In their introduction, Santelli, Lindberg, Finer, and Singh discuss how the US government promotes abstinence-only education as the primary sexual education for adolescents. The authors state that the US government’s preference for abstinence-only education was possibly due to social conservatives claiming that the decline in adolescent pregnancy rates was due to increased abstinence. They assert that those ideals facilitated a rapid increase of federally-funded policies on abstinence-only education since 1998, despite a lack of statistical support that those programs have any positive impacts. In their article, Santelli and colleagues also reference other studies that claimed there are concerns about the informational content and ethical acceptability of abstinence-only education programs. In a previous 2006 study reviewing US abstinence-only policies, Santelli and his team found that abstinence as a sole option for adolescents is scientifically and ethically problematic because it often restricts and misrepresents other health information that could be valuable to adolescents. Therefore, in their 2007 article, “Explaining Recent Declines,” the authors claim that they hoped to determine whether they could attribute abstinence-only education to the declining US adolescent pregnancy rates between 1995 and 2002.

The researchers further describe in their introduction their rationale for examining the statistical impacts of both abstinence and contraceptive use when assessing the decline of adolescent pregnancy rates. Santelli, Lindberg, Finer, and Singh discuss how “Explaining Recent Declines” was motivated as a follow-up to another study conducted by Santelli in 2004. In that study, he found that the decline in adolescent pregnancy rates among fifteen to seventeen-year-olds between 1991 and 2001 was attributable to both improved contraception use and delayed sexual activity. During that time frame, US adolescent pregnancy rates had reached a historic low after declining by twenty-two percent. Therefore, in 2007, Santelli and colleagues sought to update their 2004 study by investigating the relative contributions of improved contraception use and delayed sexual activity to the decline in the US adolescent pregnancy rate, with regards to updated federal policies on abstinence-only education and a more representative cohort of data.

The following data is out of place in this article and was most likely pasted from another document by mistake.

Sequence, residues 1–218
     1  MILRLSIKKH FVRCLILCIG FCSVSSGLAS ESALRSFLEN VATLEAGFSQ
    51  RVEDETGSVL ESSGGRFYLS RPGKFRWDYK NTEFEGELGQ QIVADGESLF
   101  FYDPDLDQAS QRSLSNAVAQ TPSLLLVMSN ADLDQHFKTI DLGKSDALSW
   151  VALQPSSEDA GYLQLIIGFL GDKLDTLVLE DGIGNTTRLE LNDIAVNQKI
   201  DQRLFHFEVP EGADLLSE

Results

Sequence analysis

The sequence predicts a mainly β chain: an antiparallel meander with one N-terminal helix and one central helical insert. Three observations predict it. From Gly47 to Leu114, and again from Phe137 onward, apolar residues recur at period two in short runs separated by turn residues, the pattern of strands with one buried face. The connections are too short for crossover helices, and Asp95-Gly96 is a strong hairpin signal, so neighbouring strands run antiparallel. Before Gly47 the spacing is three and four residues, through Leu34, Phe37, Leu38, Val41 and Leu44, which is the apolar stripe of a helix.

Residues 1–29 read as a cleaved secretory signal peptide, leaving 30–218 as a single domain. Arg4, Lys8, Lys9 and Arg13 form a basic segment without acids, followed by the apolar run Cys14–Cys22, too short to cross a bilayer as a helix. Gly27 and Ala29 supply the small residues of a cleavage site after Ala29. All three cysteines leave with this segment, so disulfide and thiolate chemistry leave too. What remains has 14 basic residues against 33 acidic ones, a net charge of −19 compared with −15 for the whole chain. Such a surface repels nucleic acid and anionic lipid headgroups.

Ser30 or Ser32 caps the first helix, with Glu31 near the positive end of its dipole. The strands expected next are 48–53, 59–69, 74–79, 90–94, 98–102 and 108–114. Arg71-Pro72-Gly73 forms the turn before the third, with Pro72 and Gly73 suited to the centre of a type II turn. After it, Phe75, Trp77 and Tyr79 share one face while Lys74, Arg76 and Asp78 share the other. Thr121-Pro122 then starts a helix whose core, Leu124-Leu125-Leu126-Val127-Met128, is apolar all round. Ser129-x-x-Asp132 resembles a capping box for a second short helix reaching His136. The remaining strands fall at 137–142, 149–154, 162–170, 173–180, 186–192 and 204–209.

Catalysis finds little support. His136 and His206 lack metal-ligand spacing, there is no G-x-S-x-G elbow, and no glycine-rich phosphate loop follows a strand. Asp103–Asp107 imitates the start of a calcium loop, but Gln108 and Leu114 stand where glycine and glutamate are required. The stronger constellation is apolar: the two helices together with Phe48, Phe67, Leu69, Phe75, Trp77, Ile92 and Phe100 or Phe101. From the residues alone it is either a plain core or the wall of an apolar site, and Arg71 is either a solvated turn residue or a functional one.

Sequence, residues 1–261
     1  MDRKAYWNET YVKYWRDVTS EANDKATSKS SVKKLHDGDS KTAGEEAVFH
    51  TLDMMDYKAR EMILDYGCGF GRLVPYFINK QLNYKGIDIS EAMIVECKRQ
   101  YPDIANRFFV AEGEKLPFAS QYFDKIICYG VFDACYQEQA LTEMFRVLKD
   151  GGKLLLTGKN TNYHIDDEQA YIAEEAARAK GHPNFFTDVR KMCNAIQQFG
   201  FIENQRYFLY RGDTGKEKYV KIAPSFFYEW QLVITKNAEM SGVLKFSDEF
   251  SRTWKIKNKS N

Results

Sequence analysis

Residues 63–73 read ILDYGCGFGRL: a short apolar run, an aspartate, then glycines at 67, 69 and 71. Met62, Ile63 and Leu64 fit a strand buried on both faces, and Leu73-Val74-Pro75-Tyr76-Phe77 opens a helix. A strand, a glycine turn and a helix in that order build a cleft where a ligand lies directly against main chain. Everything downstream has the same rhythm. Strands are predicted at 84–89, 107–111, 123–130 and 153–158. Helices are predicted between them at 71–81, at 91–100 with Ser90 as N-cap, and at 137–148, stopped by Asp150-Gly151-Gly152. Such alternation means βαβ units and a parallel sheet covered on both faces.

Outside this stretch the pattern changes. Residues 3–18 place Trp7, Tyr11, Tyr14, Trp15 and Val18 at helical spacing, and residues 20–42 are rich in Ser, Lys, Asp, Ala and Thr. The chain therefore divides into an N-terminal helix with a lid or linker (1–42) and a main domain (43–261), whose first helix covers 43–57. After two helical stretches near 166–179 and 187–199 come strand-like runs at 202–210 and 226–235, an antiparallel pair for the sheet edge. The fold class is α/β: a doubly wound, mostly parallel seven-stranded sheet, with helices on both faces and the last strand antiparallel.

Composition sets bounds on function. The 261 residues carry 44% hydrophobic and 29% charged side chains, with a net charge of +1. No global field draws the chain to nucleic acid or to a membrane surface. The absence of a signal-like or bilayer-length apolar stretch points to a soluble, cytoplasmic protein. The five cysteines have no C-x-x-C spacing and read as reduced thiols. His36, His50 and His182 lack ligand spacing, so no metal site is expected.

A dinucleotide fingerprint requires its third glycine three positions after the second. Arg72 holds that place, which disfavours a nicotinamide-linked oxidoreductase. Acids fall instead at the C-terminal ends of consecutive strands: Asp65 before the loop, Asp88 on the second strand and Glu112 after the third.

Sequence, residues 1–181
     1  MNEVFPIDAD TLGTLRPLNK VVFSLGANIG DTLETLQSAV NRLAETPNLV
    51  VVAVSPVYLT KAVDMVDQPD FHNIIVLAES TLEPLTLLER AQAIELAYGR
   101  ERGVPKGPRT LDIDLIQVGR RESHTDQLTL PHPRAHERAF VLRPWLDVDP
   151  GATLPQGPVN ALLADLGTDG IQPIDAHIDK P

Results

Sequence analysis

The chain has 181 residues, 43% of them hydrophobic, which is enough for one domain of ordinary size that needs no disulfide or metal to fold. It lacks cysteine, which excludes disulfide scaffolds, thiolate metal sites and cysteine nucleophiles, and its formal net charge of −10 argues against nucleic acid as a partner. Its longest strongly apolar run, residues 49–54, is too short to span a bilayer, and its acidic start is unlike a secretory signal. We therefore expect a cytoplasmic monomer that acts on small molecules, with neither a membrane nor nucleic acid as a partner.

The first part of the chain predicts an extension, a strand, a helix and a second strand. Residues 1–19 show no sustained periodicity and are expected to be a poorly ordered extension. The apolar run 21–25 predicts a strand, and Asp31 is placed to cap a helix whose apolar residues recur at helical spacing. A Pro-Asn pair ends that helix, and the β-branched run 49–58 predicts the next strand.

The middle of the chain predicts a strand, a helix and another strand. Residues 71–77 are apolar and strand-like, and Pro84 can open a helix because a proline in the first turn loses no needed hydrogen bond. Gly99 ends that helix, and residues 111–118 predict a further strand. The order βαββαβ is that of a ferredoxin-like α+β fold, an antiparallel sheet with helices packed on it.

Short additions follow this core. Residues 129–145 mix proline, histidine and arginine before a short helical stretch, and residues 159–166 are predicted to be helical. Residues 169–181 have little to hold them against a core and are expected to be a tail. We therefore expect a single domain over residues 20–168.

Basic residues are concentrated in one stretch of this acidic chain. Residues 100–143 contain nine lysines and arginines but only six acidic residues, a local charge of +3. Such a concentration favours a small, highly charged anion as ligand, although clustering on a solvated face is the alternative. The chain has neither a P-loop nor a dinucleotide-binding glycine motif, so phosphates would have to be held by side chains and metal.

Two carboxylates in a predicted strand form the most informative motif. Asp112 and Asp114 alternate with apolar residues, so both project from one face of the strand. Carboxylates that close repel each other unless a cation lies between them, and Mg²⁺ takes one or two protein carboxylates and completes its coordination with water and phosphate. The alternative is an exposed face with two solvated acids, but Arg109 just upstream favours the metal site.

In their methods section, the authors describe that their three primary variables for adolescent pregnancy risk included sexual activity levels, contraceptive use, and contraceptive failure rates. For their first variable, they define recent sexual activity as engagement in heterosexual vaginal intercourse within three months before the survey. They also divide contraceptive use into categories, which included condoms, oral birth control, injections, withdrawal, non-use, and contraceptive method combinations. Participants could report the use of up to four separate methods for contraception simultaneously used during their most recent sexual intercourse. Finally, they define contraceptive failure rates as the number of pregnancies that occurred among one hundred women using any specific contraceptive method.

Continuing in their methods section, Santelli, Lindberg, Finer, and Singh report that they narrowed their study to young women who were aged fifteen to nineteen and who took the National Survey of Family Growth, or NSFG, in 1995 and 2002. The NSFG is a US survey administered every seven years by the National Center for Health Statistics division of the Centers for Disease Control and Prevention to gather information and assess trends related to family life, pregnancy, infertility, use of contraception, marriage and divorce, and other related variables. The NSFG is also nationally representative, as it is administered across the US. Using the NSFG, the researchers measured sexual activity levels, contraceptive use, and contraceptive failure rates among fifteen to nineteen-year-old women in the years 1995 and 2002.